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- RESEARCH & PROMOTION -

Cotton Sustainability:
Protecting Market Gains

 
To set the record straight about its sustainability and protect cotton’s research investments and consumer-related market share gains, the Cotton Board and Cotton Incorporated sponsored the first-ever “Cotton Sustainability Summit” last fall.

“We wanted to establish cotton’s true environmental message with retailers, brands and those that make fabric sourcing decisions to assure them that cotton is the No. 1 renewable, biodegradable and sustainable natural fiber demanded by consumers today,” says J. Berrye Worsham, president & CEO, Cotton Incorporated.

Beautiful Site For Meeting

The Summit took place at the base of one of nature’s most beautiful settings – Yosemite National Park – and brought together individuals from all sides of the supply chain to hear candid presentations and conversations about cotton and the environment.

“We wanted to provide a more intimate atmosphere so the Summit attendees would feel comfortable sharing their insights on the topic,” says Elizabeth King, Cotton Board vice president, importer relations.

Speakers at the Summit included producers, various retailers and brands, best-selling authors and key Cotton Incorporated senior staff who detailed what the organization is doing to keep cotton sustainable.

In the opening panel discussion, Alabama producer Larkin Martin and California producer Don Cameron spoke about how they have been incorporating sustainable production practices on their farms for several years.

“One of the biggest myths about cotton farming is that we are all huge corporate farms,” says Martin, who also grows corn, wheat and soybeans. “Yet, in reality, most of us are family operations and have been farming and living on that same land for generations.”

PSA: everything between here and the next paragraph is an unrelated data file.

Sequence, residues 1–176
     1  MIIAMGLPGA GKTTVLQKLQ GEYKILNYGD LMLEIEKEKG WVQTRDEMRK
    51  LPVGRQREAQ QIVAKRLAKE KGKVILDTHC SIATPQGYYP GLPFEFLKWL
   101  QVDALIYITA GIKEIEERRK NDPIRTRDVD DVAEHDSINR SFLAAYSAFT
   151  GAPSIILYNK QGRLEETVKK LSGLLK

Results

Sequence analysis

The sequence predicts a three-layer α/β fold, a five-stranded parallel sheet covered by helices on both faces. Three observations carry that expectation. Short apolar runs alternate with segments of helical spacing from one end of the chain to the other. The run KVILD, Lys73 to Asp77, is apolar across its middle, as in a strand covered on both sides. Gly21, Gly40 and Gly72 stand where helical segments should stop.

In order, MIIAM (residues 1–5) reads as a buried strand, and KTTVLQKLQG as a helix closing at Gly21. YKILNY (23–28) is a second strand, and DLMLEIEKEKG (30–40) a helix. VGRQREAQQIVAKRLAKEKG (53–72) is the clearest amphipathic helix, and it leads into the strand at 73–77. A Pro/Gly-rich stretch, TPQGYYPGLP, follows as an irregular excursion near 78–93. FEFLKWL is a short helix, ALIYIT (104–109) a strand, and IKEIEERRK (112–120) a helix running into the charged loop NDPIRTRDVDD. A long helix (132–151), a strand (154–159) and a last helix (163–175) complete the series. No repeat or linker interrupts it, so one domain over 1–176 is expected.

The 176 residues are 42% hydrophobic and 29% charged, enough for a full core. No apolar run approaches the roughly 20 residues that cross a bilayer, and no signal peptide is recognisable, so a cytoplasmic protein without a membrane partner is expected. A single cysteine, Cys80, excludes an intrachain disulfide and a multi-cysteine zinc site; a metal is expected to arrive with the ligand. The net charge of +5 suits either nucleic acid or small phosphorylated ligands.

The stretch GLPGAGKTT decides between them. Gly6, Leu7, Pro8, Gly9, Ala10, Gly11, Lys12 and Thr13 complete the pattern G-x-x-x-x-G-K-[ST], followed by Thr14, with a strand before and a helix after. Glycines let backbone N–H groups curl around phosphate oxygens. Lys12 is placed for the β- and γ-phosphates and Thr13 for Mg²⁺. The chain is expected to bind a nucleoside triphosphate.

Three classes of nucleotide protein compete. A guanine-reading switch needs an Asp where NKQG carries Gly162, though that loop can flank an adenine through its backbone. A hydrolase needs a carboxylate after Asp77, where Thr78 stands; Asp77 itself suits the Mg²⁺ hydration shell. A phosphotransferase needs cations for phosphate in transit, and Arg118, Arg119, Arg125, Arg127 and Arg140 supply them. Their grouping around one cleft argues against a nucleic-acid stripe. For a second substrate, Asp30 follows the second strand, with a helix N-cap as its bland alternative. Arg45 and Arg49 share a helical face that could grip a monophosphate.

Another myth that Martin dispelled is that cotton is an irresponsible user of water and chemicals.

“Cotton is drought tolerant and uses less water than many other crops,” she notes. “Only 35 percent of cotton in the United States is irrigated.”

When speaking about chemicals, she and Cameron both say that inputs are also kept very minimal on today’s farms because of the innovative value-added technologies that were improved for producers of all crops.

“Using some combination of genetically-enhanced seed and/or precision technology is becoming increasingly common for many U.S. farms, including those raising cotton,” says Martin.

Cotton’s Supply Chain

Other panel discussions included those pertaining to cotton throughout the supply chain and provided companies such as Nike, Marks and Spencer (UK) and Wal-Mart a chance to tell how they are expanding their corporate responsibility to be better stewards of the environment.

Nike is currently implementing a plan called “Nike Considered” that addresses responsible competitiveness, design and climate factors. The company’s director of sustainability horizons, Sarah Severn, says that each department within the organization is ranked gold, silver or bronze according to their operational activities and products.

The U.K.-based Marks and Spencer addressed key factors including climate, waste, sustainable materials, fair partnerships and health. This five-year initiative is called “Plan A” and is important to the industry because more than 55 percent of the clothing sold by the retailer is made of cotton.

Cotton Incorporated also unveiled its new Natural trademark that is being offered to promote 100 percent cotton products as well as a new environmentally-themed television commercial.

The Cotton Board, which administers the Cotton Research and Promotion Program conducted by Cotton Incorporated, provided information for this article.
 


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